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How to Help Others Help Your Child

People need to know your child has an allergy so they can help if he needs it. Here are some key ways to spread the word.

Use a medical alert tag.  Make it a routine part of your child's life from an early age. If you wait until he starts school, he’s more likely to resist the idea because he doesn’t want to stand out.

A medical bracelet is safer than a necklace, especially for kids who play sports, Szychlinski says. They can put athletic tape over it and never have to remove the bracelet.

Tell other adults. The grownups who are a part of your child’s life need to know about his allergy and what to do if he goes into anaphylaxis. Who’s on the list?

  • Childcare providers
  • Babysitters
  • The school nurse
  • Playground supervisors
  • Teachers
  • Bus drivers
  • Parents of friends
  • Relatives
  • Coaches

"The more people that know about it, the better," Williams says.

This is especially true if children aren't comfortable going to an adult for help, Szychlinski says. Then, they need to be watched more closely. The bottom line: When a child is out of his parents’ care, a severe allergy becomes a group responsibility, she says.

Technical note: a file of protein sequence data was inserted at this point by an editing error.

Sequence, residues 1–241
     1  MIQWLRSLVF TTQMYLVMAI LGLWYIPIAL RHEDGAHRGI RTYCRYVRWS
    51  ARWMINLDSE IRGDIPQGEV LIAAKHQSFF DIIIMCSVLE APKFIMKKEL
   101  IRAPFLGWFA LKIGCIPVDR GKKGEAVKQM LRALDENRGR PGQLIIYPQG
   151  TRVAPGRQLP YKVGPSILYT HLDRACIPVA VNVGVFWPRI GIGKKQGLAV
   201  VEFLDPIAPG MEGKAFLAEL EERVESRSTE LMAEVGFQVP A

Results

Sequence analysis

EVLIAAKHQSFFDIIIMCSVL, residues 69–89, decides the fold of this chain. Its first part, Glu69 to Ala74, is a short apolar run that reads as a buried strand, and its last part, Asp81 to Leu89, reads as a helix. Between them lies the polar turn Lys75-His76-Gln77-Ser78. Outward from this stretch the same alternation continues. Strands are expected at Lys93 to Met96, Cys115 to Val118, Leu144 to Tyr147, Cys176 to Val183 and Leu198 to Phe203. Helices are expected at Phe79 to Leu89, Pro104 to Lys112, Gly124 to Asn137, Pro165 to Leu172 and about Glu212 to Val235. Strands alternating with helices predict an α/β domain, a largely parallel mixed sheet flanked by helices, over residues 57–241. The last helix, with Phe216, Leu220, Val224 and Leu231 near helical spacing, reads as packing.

Share the symptoms. What’s important for people to know? Start with this:

  • Your child's allergy triggers
  • The symptoms of an anaphylactic reaction
  • Where to store an epinephrine auto-injector
  • How to give the shot
  • When to call 911

Make a plan. Write down your emergency action plan and share it with all involved adults. Everyone should be able to carry out the action plan.

For example, if a young child starts to eat something at a friend's house, an adult who knows about your plan should say, "Let's ask your mom or dad if you can eat that,” Szychlinski says.

Be consistent.

"Try to make the way you treat the food allergy consistent with the rest of your parenting," Szychlinski says. For example, if you use positive reinforcement in other areas of parenting, do that with your child's allergy management, too.